Category Archives: Out and About

In remembrance of Neil Armstrong

 

High Flight

Oh! I have slipped the surly bonds of earth
And danced the skies on laughter-silvered wings;
Sunward I’ve climbed, and joined the tumbling mirth
Of sun-split clouds – and done a hundred things
You have not dreamed of – wheeled and soared and swung
High in the sunlit silence. Hov’ring there
I’ve chased the shouting wind along, and flung
My eager craft through footless halls of air.
Up, up the long delirious, burning blue,
I’ve topped the windswept heights with easy grace
Where never lark, or even eagle flew –
And, while with silent lifting mind I’ve trod
The high untresspassed sanctity of space,
Put out my hand and touched the face of God.

Pilot Officer Gillespie Magee
No 412 squadron, RCAF
Killed 11 December 1941
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Forget Invention, Necessity is the Mother of Improvisation!

I’m sorry my dear international friends but this post is completely North American centric.

For several years now I’ve been trying to find something comfortable to wear in the garden during the spring and summer (as you may have guessed I’m not a big shopper, unless it’s plants, seeds and garden gadgets – okay I have a weakness for kitchen gadgets too). Now bear in mind that I tend to wear my grubbys until they fall off my body, and since I spend most of my time around the house I’m almost always wearing grubbys, so  I don’t go shopping for clothes that often… plus when I do it’s often at the thrift store.

The other day however I’d just had it (most of my grubbys are more rags than clothes and, apparently somewhere along the line I lost some weight so, the ones that aren’t are falling off) so I did something I hardly ever do and I went to Target. My hope was to find a couple of pairs of longish shorts and maybe a comfy pair of trousers I could step out of the house in. I was quite please to find a couple of pairs of nice long shorts, and a couple of pairs of cropped bottoms that went just below the knees instead of mid-calf (because mid-calf is such a great place for to trousers to hit the leg – talk about cutting you off at the knees!). Where I really struck gold though was when I went to find a pair of shorts to sleep in.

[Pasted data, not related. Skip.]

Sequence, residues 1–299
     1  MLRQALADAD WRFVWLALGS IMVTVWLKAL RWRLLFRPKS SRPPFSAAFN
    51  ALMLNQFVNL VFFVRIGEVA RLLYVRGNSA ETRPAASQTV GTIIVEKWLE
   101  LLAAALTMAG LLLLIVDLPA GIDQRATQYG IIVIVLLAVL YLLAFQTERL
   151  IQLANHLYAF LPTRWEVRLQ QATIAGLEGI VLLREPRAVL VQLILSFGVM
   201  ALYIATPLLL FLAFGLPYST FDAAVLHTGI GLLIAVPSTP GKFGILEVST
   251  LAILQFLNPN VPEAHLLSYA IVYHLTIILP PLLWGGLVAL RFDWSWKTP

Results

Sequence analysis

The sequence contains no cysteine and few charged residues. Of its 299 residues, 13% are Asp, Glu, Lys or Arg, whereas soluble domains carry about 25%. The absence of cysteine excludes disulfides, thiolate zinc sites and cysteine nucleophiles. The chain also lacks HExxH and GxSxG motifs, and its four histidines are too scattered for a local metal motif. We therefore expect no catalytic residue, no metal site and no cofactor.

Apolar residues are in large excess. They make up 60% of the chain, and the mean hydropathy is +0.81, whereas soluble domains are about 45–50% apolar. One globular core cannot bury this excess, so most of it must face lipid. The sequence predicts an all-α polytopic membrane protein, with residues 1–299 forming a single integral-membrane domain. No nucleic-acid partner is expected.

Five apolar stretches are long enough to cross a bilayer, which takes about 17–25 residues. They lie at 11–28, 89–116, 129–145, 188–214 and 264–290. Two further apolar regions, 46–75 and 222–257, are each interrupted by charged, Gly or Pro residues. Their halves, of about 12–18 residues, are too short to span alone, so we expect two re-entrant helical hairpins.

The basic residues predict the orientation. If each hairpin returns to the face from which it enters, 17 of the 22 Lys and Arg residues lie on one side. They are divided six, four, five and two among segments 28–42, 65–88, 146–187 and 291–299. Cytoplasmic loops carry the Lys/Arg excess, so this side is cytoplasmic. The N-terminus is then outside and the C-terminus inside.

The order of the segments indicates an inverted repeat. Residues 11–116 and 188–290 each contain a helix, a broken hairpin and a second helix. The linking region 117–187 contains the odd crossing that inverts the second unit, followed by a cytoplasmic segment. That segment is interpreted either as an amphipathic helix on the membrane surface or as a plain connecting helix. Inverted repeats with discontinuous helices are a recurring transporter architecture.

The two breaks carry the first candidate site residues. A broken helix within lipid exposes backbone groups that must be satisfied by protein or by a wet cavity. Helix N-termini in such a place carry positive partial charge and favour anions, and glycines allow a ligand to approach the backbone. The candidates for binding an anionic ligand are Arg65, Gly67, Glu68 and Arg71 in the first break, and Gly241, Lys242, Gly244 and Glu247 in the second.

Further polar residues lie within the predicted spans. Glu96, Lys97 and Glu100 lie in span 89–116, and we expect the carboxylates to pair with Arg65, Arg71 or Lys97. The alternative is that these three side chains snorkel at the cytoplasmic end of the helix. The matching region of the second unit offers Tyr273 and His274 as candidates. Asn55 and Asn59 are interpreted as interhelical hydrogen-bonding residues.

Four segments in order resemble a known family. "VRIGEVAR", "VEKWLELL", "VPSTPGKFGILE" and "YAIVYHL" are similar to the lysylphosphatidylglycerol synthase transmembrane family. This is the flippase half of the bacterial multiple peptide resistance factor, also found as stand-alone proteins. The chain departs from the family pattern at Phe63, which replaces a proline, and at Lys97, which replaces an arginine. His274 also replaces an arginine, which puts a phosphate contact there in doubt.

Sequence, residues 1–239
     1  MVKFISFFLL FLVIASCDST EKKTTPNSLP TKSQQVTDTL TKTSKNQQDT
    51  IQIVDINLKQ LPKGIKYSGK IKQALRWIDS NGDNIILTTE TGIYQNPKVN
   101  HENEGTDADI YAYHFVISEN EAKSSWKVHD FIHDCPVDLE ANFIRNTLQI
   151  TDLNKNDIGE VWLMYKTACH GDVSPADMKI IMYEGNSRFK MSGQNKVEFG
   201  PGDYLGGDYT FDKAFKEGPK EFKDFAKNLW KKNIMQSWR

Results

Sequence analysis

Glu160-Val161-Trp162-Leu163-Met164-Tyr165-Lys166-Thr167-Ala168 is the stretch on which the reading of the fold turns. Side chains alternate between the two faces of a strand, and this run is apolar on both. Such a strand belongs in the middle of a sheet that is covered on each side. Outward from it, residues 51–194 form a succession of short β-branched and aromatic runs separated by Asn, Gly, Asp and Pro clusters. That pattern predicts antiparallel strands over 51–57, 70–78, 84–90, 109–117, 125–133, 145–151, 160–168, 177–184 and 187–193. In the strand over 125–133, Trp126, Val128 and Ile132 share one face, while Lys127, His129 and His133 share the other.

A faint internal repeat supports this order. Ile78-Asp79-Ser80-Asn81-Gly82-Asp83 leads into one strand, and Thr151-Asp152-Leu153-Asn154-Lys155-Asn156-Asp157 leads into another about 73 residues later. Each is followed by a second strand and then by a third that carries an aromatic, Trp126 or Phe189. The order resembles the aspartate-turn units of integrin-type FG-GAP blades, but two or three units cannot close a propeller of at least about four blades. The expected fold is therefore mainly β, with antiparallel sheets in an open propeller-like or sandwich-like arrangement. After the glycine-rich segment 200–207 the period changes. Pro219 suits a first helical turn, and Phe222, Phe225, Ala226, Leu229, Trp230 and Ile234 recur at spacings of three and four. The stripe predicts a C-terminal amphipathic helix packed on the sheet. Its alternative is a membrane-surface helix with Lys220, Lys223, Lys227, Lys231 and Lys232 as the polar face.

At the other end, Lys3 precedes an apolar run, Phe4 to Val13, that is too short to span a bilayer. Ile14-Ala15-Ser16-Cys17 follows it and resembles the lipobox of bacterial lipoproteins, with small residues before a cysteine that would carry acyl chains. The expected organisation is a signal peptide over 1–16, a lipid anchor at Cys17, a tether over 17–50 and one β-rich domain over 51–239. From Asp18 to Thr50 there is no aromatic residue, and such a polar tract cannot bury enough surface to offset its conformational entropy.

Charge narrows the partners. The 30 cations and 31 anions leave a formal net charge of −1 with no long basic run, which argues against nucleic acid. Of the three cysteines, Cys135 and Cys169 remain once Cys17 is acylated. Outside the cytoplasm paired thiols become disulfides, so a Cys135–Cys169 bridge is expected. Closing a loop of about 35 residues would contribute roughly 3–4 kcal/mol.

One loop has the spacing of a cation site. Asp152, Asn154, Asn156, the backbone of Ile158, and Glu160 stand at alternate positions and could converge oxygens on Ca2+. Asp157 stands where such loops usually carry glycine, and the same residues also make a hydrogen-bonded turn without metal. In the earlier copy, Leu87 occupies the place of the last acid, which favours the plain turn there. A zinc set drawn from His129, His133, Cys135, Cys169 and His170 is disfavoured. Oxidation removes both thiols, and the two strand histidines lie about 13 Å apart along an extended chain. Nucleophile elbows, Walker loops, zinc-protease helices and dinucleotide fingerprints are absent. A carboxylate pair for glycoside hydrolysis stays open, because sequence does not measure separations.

I found these:

Gilligan & OMalley® Womens Fluid Knit Bermuda

Forget sleeping in these! These are perfect for wearing in the garden – super comfy, loose, flowing, airy and they extend past the knees so that when you do kneel down you don’t get knees full of grit. I’m going to buy several more pairs and live in these until the cool weather comes our way again.

I Feel Pretty, Oh So Pretty…

Happy Earth Day everyone! As you can see I’m making a progress (slowly but surely) in reclaiming my garden.

Taming the Jungle

I Fought the Rubble and I Won!

View From the Garden

I have all of my squash and melons planted, I’m starting to get peas, I pulled all my onions and garlic over the past couple of days (a lot of that will be replanted but I needed to reorg the beds), most of my tomatoes, eggplant, tomatillos and ground cherries are in, as well as some okra and basil. Now I need to tackle my getting peppers in and then finding homes for all my left over seedlings (any takers?). I’m hoping they will find good homes at the plant swap I’m attending next week. The problem with the plant swap though is that I’ll end up coming home with as many/more plants than I took with me!

It hasn’t all been dirt under my nails though. Earlier in the month I felt compelled to add a little more art to the garden.